When Jason looked on Hypsipyle he saw one who seemed to him to be only childlike in size. Greatly was he amazed at the words that poured forth from her as she stood at the stone throne of King Thoas—he was amazed as one is amazed at the rush of rich notes that comes from the throat of a little bird; all that she said was made lightninglike by her eyes—her eyes that were not clear and quiet like the eyes of the maidens he had seen in Iolcus, but that were dark and burning. Her mouth was heavy and this heavy mouth gave a shadow to her face that but for it was all bright and lovely.   4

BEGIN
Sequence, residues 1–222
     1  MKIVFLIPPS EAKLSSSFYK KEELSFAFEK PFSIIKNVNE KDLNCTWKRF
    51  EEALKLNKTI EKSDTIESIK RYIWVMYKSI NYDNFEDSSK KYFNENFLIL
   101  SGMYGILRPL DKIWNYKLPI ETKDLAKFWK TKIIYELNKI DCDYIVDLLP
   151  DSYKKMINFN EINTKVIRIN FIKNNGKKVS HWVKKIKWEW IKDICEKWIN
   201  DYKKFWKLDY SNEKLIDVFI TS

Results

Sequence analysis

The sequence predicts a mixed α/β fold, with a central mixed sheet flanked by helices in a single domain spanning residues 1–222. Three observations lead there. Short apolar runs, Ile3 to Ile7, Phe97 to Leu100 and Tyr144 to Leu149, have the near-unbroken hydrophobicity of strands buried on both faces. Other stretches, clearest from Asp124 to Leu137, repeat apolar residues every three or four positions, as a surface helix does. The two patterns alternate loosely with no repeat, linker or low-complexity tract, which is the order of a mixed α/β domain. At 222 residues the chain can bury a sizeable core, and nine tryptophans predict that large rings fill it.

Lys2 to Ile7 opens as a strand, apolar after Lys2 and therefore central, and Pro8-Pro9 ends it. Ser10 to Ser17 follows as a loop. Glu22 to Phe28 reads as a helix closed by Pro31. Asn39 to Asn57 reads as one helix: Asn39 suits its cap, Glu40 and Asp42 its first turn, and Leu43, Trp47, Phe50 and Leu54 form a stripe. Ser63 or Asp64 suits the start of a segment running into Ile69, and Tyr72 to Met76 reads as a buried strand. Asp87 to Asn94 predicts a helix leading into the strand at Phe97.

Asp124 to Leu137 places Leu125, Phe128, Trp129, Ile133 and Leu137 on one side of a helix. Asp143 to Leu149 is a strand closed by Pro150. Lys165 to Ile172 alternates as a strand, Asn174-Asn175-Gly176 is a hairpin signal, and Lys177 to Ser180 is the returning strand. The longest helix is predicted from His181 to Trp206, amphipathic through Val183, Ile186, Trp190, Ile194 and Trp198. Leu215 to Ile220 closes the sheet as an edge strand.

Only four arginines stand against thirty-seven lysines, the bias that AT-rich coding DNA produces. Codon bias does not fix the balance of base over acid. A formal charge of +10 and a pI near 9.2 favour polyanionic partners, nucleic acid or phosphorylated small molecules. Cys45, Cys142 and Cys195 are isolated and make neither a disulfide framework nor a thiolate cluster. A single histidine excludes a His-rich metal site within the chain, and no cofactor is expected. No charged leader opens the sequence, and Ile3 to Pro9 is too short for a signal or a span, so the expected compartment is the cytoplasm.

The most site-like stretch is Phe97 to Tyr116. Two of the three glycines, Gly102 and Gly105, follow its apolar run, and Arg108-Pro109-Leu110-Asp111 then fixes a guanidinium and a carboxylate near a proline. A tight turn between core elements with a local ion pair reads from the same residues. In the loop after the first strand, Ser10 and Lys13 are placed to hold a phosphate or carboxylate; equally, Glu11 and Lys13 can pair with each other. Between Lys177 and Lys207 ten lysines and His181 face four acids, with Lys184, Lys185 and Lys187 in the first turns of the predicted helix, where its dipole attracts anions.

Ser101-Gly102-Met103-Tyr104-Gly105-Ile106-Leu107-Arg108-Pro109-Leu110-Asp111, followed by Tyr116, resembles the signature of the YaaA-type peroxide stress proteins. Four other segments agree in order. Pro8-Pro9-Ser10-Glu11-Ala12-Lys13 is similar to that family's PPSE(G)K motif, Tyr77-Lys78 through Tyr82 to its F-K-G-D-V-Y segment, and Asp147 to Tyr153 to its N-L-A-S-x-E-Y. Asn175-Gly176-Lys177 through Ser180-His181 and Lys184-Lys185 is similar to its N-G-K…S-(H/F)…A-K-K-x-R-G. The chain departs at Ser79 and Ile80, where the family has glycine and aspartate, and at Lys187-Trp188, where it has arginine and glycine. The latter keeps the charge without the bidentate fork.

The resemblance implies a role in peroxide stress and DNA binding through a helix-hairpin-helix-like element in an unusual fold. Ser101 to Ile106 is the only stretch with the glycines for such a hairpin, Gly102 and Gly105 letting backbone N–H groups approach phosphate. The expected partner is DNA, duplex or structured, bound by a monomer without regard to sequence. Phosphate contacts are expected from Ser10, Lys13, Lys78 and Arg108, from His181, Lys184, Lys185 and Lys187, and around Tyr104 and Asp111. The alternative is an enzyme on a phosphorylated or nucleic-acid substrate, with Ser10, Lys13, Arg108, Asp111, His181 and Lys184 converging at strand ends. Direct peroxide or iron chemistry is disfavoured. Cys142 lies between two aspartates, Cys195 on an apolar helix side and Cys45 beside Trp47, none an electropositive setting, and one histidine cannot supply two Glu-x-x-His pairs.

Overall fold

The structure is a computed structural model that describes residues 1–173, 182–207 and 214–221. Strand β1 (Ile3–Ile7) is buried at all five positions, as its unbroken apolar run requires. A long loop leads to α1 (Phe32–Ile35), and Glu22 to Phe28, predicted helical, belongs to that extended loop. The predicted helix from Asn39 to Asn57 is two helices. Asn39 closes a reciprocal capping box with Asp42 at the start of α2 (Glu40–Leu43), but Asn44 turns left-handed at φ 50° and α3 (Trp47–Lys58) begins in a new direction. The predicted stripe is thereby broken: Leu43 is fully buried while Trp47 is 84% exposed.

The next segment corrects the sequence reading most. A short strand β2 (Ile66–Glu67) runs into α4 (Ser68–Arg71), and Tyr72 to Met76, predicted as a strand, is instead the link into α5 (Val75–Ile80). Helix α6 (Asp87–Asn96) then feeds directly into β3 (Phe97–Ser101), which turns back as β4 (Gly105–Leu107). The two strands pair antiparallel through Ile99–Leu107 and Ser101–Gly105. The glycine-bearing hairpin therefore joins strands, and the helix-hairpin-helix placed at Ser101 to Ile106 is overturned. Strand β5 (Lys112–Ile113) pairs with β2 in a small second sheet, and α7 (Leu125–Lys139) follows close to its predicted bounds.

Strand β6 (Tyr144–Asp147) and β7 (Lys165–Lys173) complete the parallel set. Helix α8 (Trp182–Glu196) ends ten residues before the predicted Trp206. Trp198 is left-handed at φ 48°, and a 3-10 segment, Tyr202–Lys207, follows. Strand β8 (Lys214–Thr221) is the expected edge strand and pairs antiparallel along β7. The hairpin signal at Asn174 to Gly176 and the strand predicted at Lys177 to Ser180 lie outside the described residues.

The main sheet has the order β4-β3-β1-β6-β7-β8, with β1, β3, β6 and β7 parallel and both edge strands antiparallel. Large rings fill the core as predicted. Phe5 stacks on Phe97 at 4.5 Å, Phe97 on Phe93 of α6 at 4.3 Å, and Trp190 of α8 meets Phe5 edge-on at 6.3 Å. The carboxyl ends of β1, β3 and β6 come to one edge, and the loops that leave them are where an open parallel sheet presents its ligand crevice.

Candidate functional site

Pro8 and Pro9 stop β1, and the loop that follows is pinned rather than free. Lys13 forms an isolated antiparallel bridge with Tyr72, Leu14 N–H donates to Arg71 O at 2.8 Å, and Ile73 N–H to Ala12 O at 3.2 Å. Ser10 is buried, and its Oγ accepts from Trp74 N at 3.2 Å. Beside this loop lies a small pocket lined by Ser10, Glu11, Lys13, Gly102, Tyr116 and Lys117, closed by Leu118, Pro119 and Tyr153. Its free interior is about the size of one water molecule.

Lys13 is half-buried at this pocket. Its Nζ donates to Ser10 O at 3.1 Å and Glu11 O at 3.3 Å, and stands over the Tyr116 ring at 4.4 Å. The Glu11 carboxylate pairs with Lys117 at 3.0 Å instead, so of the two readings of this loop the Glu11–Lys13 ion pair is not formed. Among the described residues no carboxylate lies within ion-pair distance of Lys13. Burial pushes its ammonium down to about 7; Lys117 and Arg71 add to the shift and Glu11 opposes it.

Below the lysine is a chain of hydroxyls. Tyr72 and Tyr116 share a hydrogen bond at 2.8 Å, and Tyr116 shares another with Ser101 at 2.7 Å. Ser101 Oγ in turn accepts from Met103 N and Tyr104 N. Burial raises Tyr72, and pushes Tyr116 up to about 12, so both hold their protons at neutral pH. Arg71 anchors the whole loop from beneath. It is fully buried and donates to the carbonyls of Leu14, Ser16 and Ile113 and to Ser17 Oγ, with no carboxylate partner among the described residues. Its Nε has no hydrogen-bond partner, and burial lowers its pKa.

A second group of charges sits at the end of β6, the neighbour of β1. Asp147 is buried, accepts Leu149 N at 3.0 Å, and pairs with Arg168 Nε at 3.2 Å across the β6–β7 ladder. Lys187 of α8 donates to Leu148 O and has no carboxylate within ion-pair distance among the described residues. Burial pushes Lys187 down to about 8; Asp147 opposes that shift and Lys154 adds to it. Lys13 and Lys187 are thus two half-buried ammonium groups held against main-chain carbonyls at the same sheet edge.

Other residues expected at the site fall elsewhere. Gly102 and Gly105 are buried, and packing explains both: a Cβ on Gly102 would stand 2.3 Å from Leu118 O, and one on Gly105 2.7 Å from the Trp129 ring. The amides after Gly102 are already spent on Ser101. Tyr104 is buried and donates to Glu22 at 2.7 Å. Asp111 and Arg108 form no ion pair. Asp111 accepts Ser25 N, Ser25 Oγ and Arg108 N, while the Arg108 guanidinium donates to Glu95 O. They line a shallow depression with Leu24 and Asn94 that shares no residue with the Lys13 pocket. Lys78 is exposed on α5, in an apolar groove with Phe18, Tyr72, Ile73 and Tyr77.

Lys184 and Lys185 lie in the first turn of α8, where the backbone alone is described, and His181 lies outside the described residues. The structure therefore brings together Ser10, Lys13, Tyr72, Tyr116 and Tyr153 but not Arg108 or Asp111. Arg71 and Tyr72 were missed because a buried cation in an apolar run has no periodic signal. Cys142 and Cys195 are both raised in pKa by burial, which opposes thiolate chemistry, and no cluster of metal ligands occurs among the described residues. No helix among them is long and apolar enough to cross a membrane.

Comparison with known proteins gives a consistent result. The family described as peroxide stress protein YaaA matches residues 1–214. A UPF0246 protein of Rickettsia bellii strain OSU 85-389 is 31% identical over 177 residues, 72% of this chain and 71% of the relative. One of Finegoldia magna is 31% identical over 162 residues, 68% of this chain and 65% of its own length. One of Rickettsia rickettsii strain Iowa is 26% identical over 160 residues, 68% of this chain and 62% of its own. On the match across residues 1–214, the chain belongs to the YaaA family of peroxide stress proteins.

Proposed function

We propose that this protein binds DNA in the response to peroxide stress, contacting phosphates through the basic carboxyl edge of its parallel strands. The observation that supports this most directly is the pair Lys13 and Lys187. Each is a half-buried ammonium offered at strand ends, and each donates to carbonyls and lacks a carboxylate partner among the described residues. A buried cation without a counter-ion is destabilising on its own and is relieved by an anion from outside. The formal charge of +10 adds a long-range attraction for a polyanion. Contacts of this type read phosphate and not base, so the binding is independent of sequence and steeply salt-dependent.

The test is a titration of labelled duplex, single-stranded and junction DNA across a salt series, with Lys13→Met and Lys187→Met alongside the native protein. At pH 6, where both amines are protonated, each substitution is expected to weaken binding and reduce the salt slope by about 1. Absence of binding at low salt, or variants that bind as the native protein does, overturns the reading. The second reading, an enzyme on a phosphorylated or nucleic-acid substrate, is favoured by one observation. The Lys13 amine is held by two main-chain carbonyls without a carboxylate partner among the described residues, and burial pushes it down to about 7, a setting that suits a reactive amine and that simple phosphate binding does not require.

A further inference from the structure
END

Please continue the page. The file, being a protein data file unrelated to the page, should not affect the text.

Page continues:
Hypsipyle spoke two languages—one, the language of the mothers of the women of Lemnos, which was rough and harsh, a speech to be flung out to slaves, and the other the language of Greece, which their fathers had spoken, and which Hypsipyle spoke in a way that made it sound like strange music. She spoke and walked and did all things in a queenlike way, and Jason could see that, for all her youth and childlike size, Hypsipyle was one who was a ruler.   5
  From the moment she took his hand it seemed that she could not bear to be away from him. Where he walked, she walked too; where he sat she sat before him, looking at him with her great eyes while she laughed or sang.   6